Though the potential danger of CFCs had been discovered as early as the mid-'70s, it would take a giant scare like a big gaping chasm in the sky for folks to really pay attention. But pretty soon it was a full-blown, mass hysteria sensation. One environmentalist even compared it to “AIDS from the sky” back in 1991.

Fast forward to 2022, and a new study from the National Oceanic and Atmospheric Administration (NOAA) shows that the overall concentration of those damaging chemicals has dropped just over 50%, back to levels not seen since before 1980.

global warming

That's visible progress.

research.noaa.gov

Of course, progress doesn’t mean perfection. Antarctica, which still experiences a large hole once a year, has seen a slower pace of reduction. But even still, chemicals have fallen 26%, the report revealed. And until it does close, the hole is being closely monitored using 3D imaging.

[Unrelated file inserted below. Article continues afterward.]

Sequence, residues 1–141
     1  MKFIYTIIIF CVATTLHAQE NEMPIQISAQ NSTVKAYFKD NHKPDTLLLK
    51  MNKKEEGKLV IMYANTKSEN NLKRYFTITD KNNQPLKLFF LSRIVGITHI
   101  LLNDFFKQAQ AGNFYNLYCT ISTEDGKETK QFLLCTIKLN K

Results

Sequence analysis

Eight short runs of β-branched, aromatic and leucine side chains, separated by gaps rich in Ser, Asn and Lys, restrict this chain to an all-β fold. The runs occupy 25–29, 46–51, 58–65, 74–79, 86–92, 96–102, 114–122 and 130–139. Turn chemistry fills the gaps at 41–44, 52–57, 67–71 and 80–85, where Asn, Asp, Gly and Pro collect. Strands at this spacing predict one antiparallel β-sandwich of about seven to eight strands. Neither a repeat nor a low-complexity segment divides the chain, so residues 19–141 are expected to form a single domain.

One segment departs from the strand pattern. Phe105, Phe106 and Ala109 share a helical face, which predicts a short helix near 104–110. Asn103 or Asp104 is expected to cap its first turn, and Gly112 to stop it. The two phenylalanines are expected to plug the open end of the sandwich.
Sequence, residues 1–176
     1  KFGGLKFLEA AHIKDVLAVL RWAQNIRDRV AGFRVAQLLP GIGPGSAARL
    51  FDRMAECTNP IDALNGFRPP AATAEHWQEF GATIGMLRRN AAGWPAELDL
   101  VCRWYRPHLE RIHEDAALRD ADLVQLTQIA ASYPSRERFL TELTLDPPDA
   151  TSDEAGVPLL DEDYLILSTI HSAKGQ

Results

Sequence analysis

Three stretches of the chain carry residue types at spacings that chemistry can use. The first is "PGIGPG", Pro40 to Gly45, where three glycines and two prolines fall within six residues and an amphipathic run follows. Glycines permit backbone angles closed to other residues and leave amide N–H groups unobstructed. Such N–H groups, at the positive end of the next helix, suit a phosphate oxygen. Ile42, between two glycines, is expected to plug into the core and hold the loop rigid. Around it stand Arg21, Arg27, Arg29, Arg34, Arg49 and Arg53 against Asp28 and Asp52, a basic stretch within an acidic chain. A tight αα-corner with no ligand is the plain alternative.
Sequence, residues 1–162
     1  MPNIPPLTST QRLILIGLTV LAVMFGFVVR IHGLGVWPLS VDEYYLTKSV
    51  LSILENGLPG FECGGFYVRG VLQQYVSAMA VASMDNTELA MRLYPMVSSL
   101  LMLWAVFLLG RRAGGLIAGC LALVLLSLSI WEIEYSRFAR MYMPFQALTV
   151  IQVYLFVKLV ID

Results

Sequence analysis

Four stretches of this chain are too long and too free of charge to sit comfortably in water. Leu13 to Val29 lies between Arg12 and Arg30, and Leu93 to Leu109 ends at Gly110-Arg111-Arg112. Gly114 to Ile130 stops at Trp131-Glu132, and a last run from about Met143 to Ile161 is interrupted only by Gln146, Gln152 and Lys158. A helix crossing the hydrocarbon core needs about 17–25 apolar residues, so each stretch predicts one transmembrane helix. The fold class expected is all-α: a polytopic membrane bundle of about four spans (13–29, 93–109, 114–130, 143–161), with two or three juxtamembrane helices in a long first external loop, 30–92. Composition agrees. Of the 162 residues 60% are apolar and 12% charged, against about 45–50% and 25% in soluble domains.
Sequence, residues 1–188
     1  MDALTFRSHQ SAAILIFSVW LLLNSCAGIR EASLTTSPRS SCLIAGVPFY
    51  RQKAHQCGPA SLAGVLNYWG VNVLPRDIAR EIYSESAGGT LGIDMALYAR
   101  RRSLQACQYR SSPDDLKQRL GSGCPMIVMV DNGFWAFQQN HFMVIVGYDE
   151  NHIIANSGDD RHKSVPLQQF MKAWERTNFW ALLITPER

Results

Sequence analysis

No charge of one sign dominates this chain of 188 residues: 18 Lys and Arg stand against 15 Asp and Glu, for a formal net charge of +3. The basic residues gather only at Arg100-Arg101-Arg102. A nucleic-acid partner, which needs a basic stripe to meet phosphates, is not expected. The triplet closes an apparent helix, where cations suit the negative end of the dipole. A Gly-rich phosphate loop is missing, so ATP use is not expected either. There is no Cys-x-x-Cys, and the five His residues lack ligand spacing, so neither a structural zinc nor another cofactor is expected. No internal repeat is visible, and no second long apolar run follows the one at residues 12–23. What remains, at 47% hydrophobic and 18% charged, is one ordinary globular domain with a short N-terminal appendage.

The Montreal Protocol has been a success in part because it forced corporations to come up with alternative solutions. Today we have plenty of brands that are environmentally conscious, but that wasn’t always the case. And lo and behold, a huge systemic shift caused a huge positive impact.

We still only have one planet to call our home and it will take a collective effort to protect it, just as it did to damage it. It can be easy to get nihilistic (or at the very least, anxious) when only the destruction is visible. That’s why it's important to acknowledge and celebrate the small victories—it helps us hold onto hope and leads to more inspired action. Because, as we can see, for good or for bad, every action counts.

@lindseyswagmom/TikTok